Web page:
Some examples of Proactive Reactions are:
- Having snacks ready at any given moment. “Hangry” is a real thing.
- Giving your child reminders of what is happening next. Warnings of when they will have to transfer on to the plane. A warning before preparing for take-off and landing so the seat is in the right position.
- Play for a minimum of 10 minutes with your child. This is child-directed play! This can happen on the plane, in the airport, on the bus, in a vehicle, and so on. The child led play adds to your child’s feeling of connection with you. This simple act has a powerful impact on your child’s day.
- Bringing a transitional object with them like a blanket or stuffy that provides comfort when you can’t.
- Keeping to a routine that is similar to home when possible. This simply means having meals, snacks, and naps in the same order that they occur at home. I fully expect that these meals, snacks, and naps may be happening on the fly!
2. Reactive Reactions:
A reactive reaction is what you do after the tantrum has occurred or while it is in progress.
Some examples of Reactive Reactions are:
- Distraction is a common tactic used. There is a time and a place to use this technique. In the middle of a crowded area or in an unsafe place like the water or in the street. With the distraction, you may find that your child has a few more tantrums before he/ she seems ready to move on. I used to carry a few toys in my purse or backpack that I could pull out and use in these moments. If you are willing a movie or tv show can be a great distraction on the plane.
- Giving your child a few minutes on his/her own to calm down and process the moment. I personally find that timeouts are not always effective when we are in a strange place. An alternative is to you time in which is where you go with your child when he/she is taking a break away from the activity where the tantrum occurred.
- Letting the tantrum happen and then offering comfort when it is done. This can be referred to as offering connection. Children will often tantrum when they feel that their connection with a loved one has been affected.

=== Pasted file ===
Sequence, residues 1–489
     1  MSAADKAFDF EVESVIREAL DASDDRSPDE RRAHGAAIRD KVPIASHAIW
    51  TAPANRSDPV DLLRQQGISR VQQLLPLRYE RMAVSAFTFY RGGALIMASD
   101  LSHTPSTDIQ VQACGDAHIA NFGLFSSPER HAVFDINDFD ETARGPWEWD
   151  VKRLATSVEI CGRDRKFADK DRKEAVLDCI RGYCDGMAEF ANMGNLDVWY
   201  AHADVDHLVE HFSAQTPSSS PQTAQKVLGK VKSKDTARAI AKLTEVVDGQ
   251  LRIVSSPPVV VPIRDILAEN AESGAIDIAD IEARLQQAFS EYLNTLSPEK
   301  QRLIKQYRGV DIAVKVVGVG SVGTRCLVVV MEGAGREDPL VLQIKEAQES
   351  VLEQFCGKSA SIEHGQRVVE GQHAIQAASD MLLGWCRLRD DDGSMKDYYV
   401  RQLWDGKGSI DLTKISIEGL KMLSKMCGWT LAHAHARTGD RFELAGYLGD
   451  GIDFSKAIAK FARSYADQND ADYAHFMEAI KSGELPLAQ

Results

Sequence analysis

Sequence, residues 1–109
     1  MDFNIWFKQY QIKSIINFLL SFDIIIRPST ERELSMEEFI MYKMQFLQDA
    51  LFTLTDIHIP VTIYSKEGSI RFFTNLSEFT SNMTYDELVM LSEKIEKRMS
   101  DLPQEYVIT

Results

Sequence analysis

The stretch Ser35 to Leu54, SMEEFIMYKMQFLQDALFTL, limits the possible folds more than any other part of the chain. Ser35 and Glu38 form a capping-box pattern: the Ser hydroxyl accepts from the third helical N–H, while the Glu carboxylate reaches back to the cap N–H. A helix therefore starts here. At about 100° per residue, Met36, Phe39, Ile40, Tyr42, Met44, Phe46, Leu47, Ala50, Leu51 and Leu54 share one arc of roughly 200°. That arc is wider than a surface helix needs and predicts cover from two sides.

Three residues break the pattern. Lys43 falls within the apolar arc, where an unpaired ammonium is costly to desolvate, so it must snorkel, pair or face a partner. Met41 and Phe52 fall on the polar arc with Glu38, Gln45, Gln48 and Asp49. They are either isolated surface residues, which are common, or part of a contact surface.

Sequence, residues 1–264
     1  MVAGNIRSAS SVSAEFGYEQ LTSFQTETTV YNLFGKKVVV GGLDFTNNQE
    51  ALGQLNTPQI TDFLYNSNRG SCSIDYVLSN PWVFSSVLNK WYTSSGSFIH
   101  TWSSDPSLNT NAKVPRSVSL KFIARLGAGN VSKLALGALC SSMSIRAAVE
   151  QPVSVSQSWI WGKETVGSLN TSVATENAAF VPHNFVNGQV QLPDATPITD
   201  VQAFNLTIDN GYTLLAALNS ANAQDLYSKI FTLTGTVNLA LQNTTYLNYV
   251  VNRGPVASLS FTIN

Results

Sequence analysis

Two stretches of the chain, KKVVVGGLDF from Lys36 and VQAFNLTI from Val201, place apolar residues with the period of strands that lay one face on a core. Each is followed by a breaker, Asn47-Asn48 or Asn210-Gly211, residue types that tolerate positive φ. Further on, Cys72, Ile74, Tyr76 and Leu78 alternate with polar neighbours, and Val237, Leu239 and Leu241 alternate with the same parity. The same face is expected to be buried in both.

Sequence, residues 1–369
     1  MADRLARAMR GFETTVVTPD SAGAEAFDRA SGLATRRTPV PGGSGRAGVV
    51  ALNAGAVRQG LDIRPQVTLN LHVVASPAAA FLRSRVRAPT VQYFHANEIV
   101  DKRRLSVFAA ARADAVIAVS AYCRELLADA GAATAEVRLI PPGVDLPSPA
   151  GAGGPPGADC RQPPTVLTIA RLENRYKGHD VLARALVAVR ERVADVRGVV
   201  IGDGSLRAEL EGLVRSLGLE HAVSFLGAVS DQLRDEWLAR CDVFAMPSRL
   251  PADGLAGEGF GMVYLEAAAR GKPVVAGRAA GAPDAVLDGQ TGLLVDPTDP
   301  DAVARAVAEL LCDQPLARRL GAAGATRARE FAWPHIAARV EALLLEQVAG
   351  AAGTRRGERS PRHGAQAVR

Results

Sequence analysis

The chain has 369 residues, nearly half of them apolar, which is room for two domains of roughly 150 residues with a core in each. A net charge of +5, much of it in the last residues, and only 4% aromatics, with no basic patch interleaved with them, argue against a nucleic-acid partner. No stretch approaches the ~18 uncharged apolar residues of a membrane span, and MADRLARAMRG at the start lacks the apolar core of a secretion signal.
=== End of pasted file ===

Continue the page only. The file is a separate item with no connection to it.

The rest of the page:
As with all things related to children, you will find that some strategies work really well for one child and not well for another child. With time and patience, you will discover what works best for your child. I wish you all the best traveling with your child!
This time of year I get a flood of inquiries about early morning wakings. If your child is waking up way before you are ready to wake up, know that you are not alone!
What is it about this time of year that causes this common theme?..any guesses??
The answer…the longest day of the year is fast approaching!! What??? With the longest day of the year comes a great deal of sunshine. That light creeps in really early which affects your child’s circadian rhythm (body’s internal clock). How do you fix this?
Blackout the light as much as possible. The light can creep in where you least expect it!
So your child has a very dark room and your child is still waking early. Now what??
Well with the increased daylight often comes increased outside activity. The outside activity can lead to your child getting tired a bit earlier. This can be an issue because the earlier bedtime can lead to your child being ready to wake up sooner.
If your child is not going to bed earlier your child may be getting overtired. A child that is overtired can also lead to early mornings.
It may seem like you are darned if you do and darned if you do not.
I would recommend that you bring your child’s bedtime 15 minutes earlier than usual which may still seem like your child is still wanting to go to bed a bit earlier. You can keep your child awake with mild activity and child-directed play.
If you are still experiencing the early mornings then send me a private message or post in the facebook group if you are a member of Parenting Foundations (Parenting Foundations Membership). If you are not a Parenting Foundations member then you can book a free 15-minute call.